What is it to be human?
What is staying alive? To possess
A great hall inside of a cell.
What is it to know? The same root
Underneath the branches.
What is it to believe? Being a carer
Until relief takes over.
And to forgive? On fours through thorns
To keep company to an old enemy.
What is it to sing? To receive breath
From the genius of creation.
What's work but humming a song
From wood and wheat.
What are state affairs? A craft
That's still only crawling?
And armaments? Thrust a knife
In a baby's fist.
Being a nation? What can it be? A gift
In the swell of the heart.
And to love a country? Keeping house
In a cloud of witnesses.
What's the world to the all powerful?
A circle spinning.
And to the children of the earth?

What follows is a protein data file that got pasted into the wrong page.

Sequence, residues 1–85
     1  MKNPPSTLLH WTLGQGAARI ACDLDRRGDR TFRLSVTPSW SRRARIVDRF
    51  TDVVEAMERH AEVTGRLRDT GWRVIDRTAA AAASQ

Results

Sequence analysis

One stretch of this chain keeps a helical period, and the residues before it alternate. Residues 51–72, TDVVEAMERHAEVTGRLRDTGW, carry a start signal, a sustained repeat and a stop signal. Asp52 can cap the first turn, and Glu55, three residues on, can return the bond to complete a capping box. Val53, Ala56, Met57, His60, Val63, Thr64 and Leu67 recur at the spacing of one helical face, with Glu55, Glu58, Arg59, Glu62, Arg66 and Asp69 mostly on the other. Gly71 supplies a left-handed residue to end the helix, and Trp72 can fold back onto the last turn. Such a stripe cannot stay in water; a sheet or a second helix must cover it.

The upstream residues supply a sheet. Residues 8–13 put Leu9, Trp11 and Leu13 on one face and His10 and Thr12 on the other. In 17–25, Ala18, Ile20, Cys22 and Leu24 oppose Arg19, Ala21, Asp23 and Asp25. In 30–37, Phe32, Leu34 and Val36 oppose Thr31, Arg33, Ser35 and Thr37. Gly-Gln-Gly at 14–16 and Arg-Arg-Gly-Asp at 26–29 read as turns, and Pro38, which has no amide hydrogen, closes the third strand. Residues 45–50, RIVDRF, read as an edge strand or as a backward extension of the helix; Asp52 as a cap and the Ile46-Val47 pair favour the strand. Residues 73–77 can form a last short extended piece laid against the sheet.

A cradle rocking.
translated from the Welsh by Menna Elfyn
This from the translation issue of Poetry. I dig into it when it arrives in the mail because the poems sound so different. Even through the veil of English they retain the trace of their native language. This issue, which the journal started a few years ago, is a favorite because it's full of new sounds. I tire sometimes of the droning of words in my head or on the page. This issue brings refreshment.
Menna Elfyn wrote this about her work with Waldo Williams' poem.
In Welsh poetry, and in Celtic poetry in general, poets sang their poems, and we sense here the aura of the songs, in tune with the sounds of trees and harvests. He depicts an era where singing was second nature to breathing, part of that same joyous song.